INDIANAPOLIS — Earlier this month, Brandy Chestnut and Steven Taylor discovered their storage unit at SecurCare Self Storage had been broken into. It happened at the facility near East St. and I-465. What alarmed the couple the most was the fact they were never contacted despite management knowing. Their unit had been screwed shut, an indicator of the break in according to the employee on site.
"It's been two weeks and nobody has called us to say hey, would you like to switch units, would like me to make sure your doors are secure? Nothing like that," Taylor said.
Now, the couple has removed all but one thing from the unit, fearing the problems run deeper than storage units being ransacked and broken into.
"I've kind of been doing my own investigation. I've always thought somebody was staying here on premises. Every day, I see the same vehicles. I see the same people," Taylor said.
Fed up with not getting answers from management, Taylor turned to the Marion County Public Health Department. He met with an inspector at the facility on Thursday. Taylor said he walked around the facility with the health department employee, showing them all the things he's noticed. A spokesperson confirmed to WRTV, they're looking into the claims and will take further action if needed.
For Taylor, answers leading to a resolution can't come soon enough.
"We talk about this all the time because until we get some answers, it's always on our mind."
WRTV has reached out to local management along with NSA Brands which oversees more than 850 storage facilities in 35 states. We have not heard back from them yet.
WRTV also contacted housing advocates in the area. Their consensus? This situation is an indicator of the housing crisis Indianapolis is facing.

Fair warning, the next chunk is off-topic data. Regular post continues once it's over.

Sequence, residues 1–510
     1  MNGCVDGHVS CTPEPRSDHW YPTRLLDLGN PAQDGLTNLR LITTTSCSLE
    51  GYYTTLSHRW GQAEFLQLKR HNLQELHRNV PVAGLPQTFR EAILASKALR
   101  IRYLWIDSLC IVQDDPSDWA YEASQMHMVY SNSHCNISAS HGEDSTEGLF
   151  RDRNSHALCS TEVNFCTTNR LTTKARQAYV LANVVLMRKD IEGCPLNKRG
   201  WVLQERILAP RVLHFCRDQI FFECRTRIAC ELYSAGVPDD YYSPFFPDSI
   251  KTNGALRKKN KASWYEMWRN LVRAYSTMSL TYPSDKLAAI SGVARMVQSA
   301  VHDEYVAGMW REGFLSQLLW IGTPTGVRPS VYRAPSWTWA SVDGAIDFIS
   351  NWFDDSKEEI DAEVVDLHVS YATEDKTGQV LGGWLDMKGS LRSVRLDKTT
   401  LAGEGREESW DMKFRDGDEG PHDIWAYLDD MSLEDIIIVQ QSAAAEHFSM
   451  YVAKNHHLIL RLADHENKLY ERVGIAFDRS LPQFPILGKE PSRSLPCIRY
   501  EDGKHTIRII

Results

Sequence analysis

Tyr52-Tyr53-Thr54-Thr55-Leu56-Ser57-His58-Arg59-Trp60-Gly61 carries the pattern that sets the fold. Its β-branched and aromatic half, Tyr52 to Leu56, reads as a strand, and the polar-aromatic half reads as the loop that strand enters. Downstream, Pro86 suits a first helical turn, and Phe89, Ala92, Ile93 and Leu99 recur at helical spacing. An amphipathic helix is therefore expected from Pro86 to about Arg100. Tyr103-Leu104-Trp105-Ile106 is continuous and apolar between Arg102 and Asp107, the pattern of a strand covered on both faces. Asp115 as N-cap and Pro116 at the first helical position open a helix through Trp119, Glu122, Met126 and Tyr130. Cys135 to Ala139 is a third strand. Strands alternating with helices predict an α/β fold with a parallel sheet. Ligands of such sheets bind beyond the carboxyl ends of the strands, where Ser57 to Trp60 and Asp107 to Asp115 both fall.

This month, the Fair Housing Center of Central Indiana released numbers that help explain why someone could be forced to live in a storage unit. Those stats are below. Housing advocates are hopeful the General Assembly will address this pressing problem.
- Since the beginning of the pandemic, Marion County renters have paid, on average, $200 to $300 more per month, with rents having increased by more than 20%. Some areas of the County have seen rent increases upwards of 30%.
- As rental costs have risen, wages have not kept pace. Household income in Marion County has increased on average just 4-5% annually over the past few years.
- Despite the record-high rent increases, landlords aren’t having any trouble filling their units, with multi-family vacancy rates hovering around 6% – their lowest point in at least 20 years.
- Half of renters in Marion County earn $35k or less annually, but only an estimated 35% of the County’s multifamily rental units are affordable to them. This disproportionately affects households of color. While households of color represent 36% of all households, roughly half of the households earning less than $35k in income are Black and 13% are Hispanic.
- Families with three or more children face steep competition. There are less than 250 three- or four-bedroom units with monthly rents less than $875 currently available in the County at the time of this report.
- Newly constructed multifamily units do not meet affordability needs. Compared to units built or renovated prior to 2019, the average asking rent for a new or renovated apartment is 20% to 30% higher, or about $300 a month.
- Affordable housing is scarce in Central Indiana outside of Marion County. Of the 63k units affordable to a family earning less than $35k in income, 80% are in Marion County. In Marion County, investor activity has increased dramatically over the past decade. In 2012, less than 15% of residential single-family property purchases were by investors, but, by 2021, 26% of residential property purchases were by investors.
- In 2020, 50% of Marion County renters were cost-burdened, paying 30% or more of their income to rent. Nearly 25% of renters were severely cost-burdened, paying more than 50% of their income to rent. For renters earning less than $35k annually, the share of rent-burdened households increased from 78% to 87% over the past decade in Marion County. As of June this year, nearly 11% of households were not currently caught up on rent in Indiana.